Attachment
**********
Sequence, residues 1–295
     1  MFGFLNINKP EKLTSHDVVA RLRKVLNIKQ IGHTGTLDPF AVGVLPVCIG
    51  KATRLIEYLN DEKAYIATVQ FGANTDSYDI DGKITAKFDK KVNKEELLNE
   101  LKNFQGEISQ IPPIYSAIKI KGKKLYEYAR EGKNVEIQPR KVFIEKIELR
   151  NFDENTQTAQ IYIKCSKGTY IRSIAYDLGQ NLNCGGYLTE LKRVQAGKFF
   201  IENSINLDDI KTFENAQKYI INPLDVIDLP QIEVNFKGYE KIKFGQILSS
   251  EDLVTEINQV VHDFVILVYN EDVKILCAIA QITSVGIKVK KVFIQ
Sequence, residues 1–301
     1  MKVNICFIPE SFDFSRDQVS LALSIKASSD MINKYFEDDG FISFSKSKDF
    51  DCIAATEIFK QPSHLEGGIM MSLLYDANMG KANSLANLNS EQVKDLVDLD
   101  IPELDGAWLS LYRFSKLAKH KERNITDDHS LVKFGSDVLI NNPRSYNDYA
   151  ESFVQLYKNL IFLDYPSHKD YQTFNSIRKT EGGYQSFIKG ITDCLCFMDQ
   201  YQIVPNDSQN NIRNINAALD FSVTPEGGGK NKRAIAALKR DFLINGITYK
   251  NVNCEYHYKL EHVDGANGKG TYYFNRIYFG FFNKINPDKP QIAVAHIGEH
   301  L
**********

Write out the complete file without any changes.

Sequence, residues 1–295
     1  MFGFLNINKP EKLTSHDVVA RLRKVLNIKQ IGHTGTLDPF AVGVLPVCIG
    51  KATRLIEYLN DEKAYIATVQ FGANTDSYDI DGKITAKFDK KVNKEELLNE
   101  LKNFQGEISQ IPPIYSAIKI KGKKLYEYAR EGKNVEIQPR KVFIEKIELR
   151  NFDENTQTAQ IYIKCSKGTY IRSIAYDLGQ NLNCGGYLTE LKRVQAGKFF
   201  IENSINLDDI KTFENAQKYI INPLDVIDLP QIEVNFKGYE KIKFGQILSS
   251  EDLVTEINQV VHDFVILVYN EDVKILCAIA QITSVGIKVK KVFIQ
Sequence, residues 1–301
     1  MKVNICFIPE SFDFSRDQVS LALSIKASSD MINKYFEDDG FISFSKSKDF
    51  DCIAATEIFK QPSHLEGGIM MSLLYDANMG KANSLANLNS EQVKDLVDLD
   101  IPELDGAWLS LYRFSKLAKH KERNITDDHS LVKFGSDVLI NNPRSYNDYA
   151  ESFVQLYKNL IFLDYPSHKD YQTFNSIRKT EGGYQSFIKG ITDCLCFMDQ
   201  YQIVPNDSQN NIRNINAALD FSVTPEGGGK NKRAIAALKR DFLINGITYK
   251  NVNCEYHYKL EHVDGANGKG TYYFNRIYFG FFNKINPDKP QIAVAHIGEH
   301  L